The USGCRP indicator effort, which NOAA significantly supported through a CICS grant, announced a pilot indicator release on May 6.
Indicators are observations or calculations that can be used to track conditions and trends. For example, businesses might look at the unemployment index as one of a number of indicators representing the condition of the economy.
Similarly, indicators of climate change can communicate how the environment is changing, identify risks, and inform decisions about policy, planning, and resource management.
The preliminary set of indicators now available on GlobalChange.gov unites efforts from across many of USGCRP’s participating agencies. It is a first step in developing a more comprehensive indicators system that can support future National Climate Assessment reports and the sustained assessment process.
The indicators visually communicate some of the key aspects of the changing climate, such as temperatures over land and at sea, greenhouse gas levels in the atmosphere, the extent of Arctic sea ice, and related effects in sectors like public health and agriculture. Some of the indicators show climate-related trends over time, whereas others show the status of resources that may be affected by climate change in the future. The source data for each indicator are documented and traceable via USGCRP’s Global Change Information System.
CPO partially supported Melissa Kenney’s time as a AAAS Science and Technology Fellow (2010-2012) to staff and lead the NCA indicators workshops and work with the NCADAC Indicator Work Group.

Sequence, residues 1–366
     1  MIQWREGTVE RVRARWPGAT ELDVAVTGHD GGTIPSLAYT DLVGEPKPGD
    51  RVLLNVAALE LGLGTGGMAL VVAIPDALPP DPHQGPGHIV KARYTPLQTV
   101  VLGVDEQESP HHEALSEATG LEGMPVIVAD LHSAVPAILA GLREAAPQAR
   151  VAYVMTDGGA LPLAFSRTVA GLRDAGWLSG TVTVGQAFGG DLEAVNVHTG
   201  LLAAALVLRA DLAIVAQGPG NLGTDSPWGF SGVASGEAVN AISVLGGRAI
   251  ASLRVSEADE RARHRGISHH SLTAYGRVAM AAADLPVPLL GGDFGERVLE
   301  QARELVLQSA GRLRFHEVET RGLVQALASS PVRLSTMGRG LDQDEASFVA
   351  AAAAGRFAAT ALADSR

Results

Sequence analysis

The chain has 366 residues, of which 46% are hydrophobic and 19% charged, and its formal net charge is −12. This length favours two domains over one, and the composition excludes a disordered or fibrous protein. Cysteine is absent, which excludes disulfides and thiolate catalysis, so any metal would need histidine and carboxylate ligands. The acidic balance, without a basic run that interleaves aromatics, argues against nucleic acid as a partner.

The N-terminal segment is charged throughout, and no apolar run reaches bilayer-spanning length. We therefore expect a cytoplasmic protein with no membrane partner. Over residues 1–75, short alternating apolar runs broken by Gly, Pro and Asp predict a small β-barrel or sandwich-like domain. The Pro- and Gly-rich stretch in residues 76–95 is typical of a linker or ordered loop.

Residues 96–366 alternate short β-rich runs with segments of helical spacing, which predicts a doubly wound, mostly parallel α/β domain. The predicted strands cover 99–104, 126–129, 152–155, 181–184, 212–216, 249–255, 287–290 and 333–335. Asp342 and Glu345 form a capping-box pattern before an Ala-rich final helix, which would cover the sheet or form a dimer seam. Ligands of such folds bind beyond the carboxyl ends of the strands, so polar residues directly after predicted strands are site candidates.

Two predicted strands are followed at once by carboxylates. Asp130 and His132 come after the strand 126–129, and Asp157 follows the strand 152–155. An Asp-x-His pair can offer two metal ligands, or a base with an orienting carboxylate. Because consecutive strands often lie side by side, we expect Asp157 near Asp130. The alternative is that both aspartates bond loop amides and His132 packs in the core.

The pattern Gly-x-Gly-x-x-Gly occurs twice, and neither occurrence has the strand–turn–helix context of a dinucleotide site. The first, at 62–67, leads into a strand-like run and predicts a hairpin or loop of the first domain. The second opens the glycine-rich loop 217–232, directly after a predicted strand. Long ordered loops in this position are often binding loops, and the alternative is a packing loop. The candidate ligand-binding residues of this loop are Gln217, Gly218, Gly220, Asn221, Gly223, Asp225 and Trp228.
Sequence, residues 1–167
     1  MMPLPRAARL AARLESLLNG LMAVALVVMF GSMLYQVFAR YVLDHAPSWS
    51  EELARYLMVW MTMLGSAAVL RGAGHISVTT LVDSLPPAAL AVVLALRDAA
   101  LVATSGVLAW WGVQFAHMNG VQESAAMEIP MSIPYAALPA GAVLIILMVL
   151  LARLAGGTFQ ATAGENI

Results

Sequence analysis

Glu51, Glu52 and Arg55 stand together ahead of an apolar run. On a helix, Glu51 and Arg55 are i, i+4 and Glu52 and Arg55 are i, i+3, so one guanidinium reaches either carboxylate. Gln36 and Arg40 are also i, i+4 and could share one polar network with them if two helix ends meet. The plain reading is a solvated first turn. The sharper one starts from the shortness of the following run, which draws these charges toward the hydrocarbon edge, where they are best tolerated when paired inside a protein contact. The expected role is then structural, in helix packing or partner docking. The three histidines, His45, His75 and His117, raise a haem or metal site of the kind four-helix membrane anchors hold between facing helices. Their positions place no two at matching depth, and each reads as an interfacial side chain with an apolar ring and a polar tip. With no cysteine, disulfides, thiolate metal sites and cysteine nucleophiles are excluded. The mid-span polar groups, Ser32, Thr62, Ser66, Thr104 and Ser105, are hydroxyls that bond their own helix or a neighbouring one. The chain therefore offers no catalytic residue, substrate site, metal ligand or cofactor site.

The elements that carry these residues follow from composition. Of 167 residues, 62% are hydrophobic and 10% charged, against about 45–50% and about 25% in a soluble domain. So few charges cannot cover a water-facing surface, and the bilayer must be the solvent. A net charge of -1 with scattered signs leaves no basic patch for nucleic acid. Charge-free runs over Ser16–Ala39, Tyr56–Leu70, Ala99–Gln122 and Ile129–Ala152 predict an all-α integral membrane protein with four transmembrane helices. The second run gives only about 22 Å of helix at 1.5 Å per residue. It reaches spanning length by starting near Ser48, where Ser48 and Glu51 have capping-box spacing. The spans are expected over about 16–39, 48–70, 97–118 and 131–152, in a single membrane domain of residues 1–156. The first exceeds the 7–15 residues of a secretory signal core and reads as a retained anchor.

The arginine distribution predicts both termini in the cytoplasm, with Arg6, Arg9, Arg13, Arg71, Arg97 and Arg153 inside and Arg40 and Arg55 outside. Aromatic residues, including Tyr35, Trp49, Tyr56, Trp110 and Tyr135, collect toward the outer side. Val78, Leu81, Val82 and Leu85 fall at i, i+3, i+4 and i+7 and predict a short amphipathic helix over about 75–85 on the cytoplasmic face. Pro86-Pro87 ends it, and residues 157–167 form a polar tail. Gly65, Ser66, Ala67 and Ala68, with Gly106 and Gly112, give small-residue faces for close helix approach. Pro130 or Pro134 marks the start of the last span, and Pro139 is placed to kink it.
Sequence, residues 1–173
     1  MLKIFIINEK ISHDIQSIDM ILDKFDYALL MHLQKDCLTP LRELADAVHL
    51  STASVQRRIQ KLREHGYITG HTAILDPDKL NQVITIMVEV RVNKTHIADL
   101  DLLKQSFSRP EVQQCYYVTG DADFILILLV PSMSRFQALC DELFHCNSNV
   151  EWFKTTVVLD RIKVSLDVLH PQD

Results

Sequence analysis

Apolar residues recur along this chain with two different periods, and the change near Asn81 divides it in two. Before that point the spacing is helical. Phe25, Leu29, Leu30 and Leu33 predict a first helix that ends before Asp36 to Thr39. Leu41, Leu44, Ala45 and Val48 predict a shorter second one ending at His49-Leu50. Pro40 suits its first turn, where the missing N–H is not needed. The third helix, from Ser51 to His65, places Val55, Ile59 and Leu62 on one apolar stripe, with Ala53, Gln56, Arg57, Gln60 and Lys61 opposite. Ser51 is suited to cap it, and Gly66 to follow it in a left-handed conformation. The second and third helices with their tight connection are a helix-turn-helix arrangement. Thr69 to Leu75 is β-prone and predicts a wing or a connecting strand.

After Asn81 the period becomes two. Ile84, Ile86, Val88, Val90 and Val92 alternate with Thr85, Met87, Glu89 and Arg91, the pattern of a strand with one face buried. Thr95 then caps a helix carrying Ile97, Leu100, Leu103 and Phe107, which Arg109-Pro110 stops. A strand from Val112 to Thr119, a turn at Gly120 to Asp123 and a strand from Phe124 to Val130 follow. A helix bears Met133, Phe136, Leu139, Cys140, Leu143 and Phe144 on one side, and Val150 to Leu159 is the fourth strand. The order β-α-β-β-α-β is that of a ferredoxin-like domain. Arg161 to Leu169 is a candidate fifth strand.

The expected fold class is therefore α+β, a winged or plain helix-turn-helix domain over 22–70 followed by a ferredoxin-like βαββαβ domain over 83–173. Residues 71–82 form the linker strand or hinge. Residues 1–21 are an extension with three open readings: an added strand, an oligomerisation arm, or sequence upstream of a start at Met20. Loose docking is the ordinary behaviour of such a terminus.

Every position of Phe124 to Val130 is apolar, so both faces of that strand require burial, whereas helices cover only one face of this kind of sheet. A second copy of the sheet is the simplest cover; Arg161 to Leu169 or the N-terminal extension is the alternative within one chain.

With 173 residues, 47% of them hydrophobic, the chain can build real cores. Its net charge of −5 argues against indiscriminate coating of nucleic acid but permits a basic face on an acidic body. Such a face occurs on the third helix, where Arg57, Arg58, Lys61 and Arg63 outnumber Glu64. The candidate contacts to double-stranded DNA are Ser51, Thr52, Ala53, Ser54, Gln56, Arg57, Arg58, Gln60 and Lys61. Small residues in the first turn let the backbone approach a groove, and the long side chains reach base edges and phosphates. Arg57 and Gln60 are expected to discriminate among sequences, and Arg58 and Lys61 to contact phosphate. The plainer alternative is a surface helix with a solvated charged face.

Given the interest by the scientific and user communities and CPO's support of sustained assessment activities, they provided Kenney’s research team grant funding via CICS-MD to develop recommendations (in collaboration with 200+ scientists) and a pilot for USGCRP to consider as part of foundational NCA sustained assessment activities.
The hope was that this could eventually link into the Climate Resilient Toolkit and that agencies would find the visuals to communicate their observational data. Kenney and her group are leveraging these funds into competitive grant awards to conduct the social science research about scientific visualization communication best practices and stated and revealed user information needs to support climate resilient decisions.
To explore the USGCRP indicators, visit: www.globalchange.gov/browse/indicators
Americans’ health, security and economic wellbeing are tied to climate and weather. Every day, we see communities grappling with environmental challenges due to unusual or extreme events related to climate and weather. In 2011, the United States experienced a record high number (14) of climate- and weather-related disasters where overall costs reached or exceeded $1 billion. Combined, these events claimed 670 lives, caused more than 6,000 injuries, and cost $55 billion in damages. Businesses, policy leaders, resource managers and citizens are increasingly asking for information to help them address such challenges.
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